This key concept concerns research about the role and perception of monuments in public spaces. Such monuments can include statues, art pieces, or structures built for the purpose of commemorating a person, people or event.
Public spaces have a central role, both physically and functionally, in urban planning and development. Many urban theorists state their significant role as one of the principal components of a healthy urban setting. This is in addition to their functional role, when they increase a sense of community when intensive social interaction takes place in these areas. However, recently, they have started to lose significance, when they are neglected in the urban planning process, or when existing spaces are lost. Additionally, accessibility and utilization of these areas decreases, since public spaces are neglected in urban planning and development processes. In this study, public spaces are assessed in terms of accessibility and utilization, regarding the effects of rapid urban growth on their physical and functional structure. This study first evaluates the significance of public spaces in an urban setting; second, determines the variables effective in terms of their accessibility and utilization; third, assesses the factors affecting the accessibility and utilization of public spaces through a questionnaire survey on the role of public spaces in social interaction, and concludes with an evaluation of the results and suggestions for further research.
In the 1990s, the Georgian sculptor Zurab Tsereteli triggered a furor over the millions of tax dollars the Moscow city government paid him for his monumental art installations around the Russian capital. Critics have assailed such gross expenditure in a period of economic privation, questioned the propriety of Tsereteli's ties to power, and ridiculed his often cartoon-like aesthetics. In the embattled new Russian state, this infantilization of public space through government-sponsored art reprises a familiar discourse of timeless
innocence in the service of state power.
This essay considers public art practice in post-apartheid Cape Town within the notion of symbolic reparations—a concept deriving out of South Africa’s Trust Reconciliation Commission. The paper situates developments in public arts practice in the context of developments in cultural politics in South Africa and globally. More especially, it discusses new genre arts projects, which focus on a range of issues related to identity, space and place. The projects—the District Six Museum, District Six Sculpture Project, PTO, Y30, BLAC, Returning the Gaze, and the In Touch Poetry Bus Tour—focus on issues such as rethinking monuments, the memorialising of ‘hidden histories’, engagements with racism and the abuse of power, and the reimagining of the city. The paper asks how these contemporary and often ephemeral projects, critically engage with issues of history, geography, memory and transformation and, in so doing, mark the landscape of Cape Town, making spaces for dialogue and/or standing as poetic symbols and challenges to the inequalities of the city.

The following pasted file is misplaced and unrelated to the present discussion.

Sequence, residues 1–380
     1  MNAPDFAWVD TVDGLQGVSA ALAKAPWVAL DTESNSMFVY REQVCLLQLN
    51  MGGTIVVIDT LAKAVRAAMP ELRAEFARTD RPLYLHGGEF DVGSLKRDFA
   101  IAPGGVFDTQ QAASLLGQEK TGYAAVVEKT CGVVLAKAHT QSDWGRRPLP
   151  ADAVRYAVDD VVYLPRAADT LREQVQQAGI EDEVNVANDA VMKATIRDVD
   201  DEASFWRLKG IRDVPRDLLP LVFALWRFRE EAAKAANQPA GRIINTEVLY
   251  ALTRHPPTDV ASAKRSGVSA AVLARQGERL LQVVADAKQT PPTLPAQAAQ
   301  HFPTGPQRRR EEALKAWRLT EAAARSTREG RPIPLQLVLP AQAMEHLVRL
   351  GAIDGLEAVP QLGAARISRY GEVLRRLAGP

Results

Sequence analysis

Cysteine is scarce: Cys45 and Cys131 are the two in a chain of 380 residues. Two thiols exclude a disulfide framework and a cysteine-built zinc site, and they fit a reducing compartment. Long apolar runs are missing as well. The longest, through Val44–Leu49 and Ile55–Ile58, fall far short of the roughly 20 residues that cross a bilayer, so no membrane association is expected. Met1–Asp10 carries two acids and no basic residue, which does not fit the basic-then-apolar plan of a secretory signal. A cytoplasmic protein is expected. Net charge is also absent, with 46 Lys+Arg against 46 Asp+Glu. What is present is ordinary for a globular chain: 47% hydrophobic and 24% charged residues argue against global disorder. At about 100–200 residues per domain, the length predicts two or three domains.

This article explores the public spaces of Laredo, a city situated on the border of the United States and Mexico along the Rio Grande. The construction of urban history is shaped by changes in public space—its physical settings, access to residents, and utilization by people. The author analyzes the transformation of public spaces and public events of Laredo to trace how amnesia and remembering are reflected in the cityscape. Public events reproduce assorted versions of urban history and help scholars to locate what part of history is preserved and what part is erased in the collective psyche of the community. The visual history of public spaces and events thus conserves a narration of the past, one that shapes collective memory and self-image.